Socialist Alternative

You’re Not Crazy; The Economy Still Sucks

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You’re wheeling your grocery cart through the aisles, picking up what you need for another week of feeding yourself and your family. You’re clutching a Post-It note with your list on it, crossing things off as you go and mentally adding up the prices as you walk. While you do, it feels like you’re playing a game of what’s cheap this week, and what is suddenly very expensive. Two pounds of ground beef is $8.50… that can’t be right, can it? You hurriedly strike it from your list and replace it with a cheaper protein – maybe chicken, or maybe even just beans.

The weekly routine of going to the grocery store, where average prices are still up 20% compared to three years ago, has become a psychological roulette wheel. Some weeks you come away feeling like things aren’t so bad, and then other weeks you feel acutely the limitations of your wallet and the encroaching hold of debt.

While legions of pundits have been crowing from the rooftops that inflation is over and that the economy is actually doing great, the cold hard reality is that 40% of Americans reported last year that they’re struggling to make ends meet – up from 34% in 2022, and 26% in 2021. To see that this pain is very acutely felt at the grocery store, just look at Aldi, one of the most popular bargain grocery companies: it just launched a five-year expansion plan that will add 800 locations in the US, as more shoppers turn to their stores to cut down on spending.

But it’s not just groceries. The strain comes from all angles – rent that is constantly going up, healthcare that’s getting more expensive, the skyrocketing costs of dining out and live entertainment and other simple pleasures that make our lives enjoyable. The bottom line is that you’re not crazy; the economy still sucks for an average person or family.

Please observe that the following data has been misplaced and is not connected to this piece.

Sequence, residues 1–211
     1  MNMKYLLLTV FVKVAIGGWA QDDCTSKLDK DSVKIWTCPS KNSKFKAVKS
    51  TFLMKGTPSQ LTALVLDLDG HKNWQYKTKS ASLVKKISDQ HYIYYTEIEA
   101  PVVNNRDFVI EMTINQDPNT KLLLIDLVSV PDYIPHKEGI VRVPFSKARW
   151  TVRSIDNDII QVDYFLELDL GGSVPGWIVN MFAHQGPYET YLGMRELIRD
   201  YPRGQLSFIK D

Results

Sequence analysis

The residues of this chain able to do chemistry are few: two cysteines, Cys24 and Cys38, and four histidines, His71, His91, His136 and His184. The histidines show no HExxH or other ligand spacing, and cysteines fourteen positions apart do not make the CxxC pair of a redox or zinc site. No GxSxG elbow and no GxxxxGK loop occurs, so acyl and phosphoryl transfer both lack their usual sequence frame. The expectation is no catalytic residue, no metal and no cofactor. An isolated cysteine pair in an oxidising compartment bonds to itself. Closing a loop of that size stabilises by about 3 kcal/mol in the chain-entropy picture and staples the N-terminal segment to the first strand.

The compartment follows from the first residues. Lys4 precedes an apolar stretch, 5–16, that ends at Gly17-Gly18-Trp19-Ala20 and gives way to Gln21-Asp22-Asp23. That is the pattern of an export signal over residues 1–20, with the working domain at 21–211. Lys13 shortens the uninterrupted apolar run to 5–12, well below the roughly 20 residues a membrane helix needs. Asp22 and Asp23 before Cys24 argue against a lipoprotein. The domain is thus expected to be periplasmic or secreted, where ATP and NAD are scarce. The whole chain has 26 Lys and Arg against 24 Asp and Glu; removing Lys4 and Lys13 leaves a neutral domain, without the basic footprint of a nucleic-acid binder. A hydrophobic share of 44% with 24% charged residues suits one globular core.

Why Does Everything Still Cost So Much?

The truth is that the rising cost of almost everything isn’t due to any one thing – not even inflation – but a combination of crises that overlap and intensify each other.

For example: the cost of chicken is expected to rise dramatically this year, because of a serious outbreak of H5N1, or avian flu, which has been going on since 2022. Avian flu is getting worse, along with other diseases that affect livestock, for two main reasons. One, climate change’s warming temperatures, which cause better conditions for viruses and bacteria to thrive, and two, capitalist profiteering, which demand that hundreds of thousands of chickens be crammed together in the smallest space possible in order to meet demand and beat the competition, which gives the ideal conditions for avian flu to spread.

Then, factor in the war in Ukraine, a major producer of grain needed to feed livestock, and the growing threat of war expanding to larger parts of the world from Eastern Europe and the Middle East, and you see how the general instability in the world right now causes a domino effect. And at the end of the line of dominos is the international working class, which bears the brunt of all of the crises – from being the soldiers and casualties in war, to the workers who come into contact with diseases like avian flu at the farms and factories, to the families who have to abandon their homes and flee from climate-fuelled floods and fires, to you, standing at the grocery store.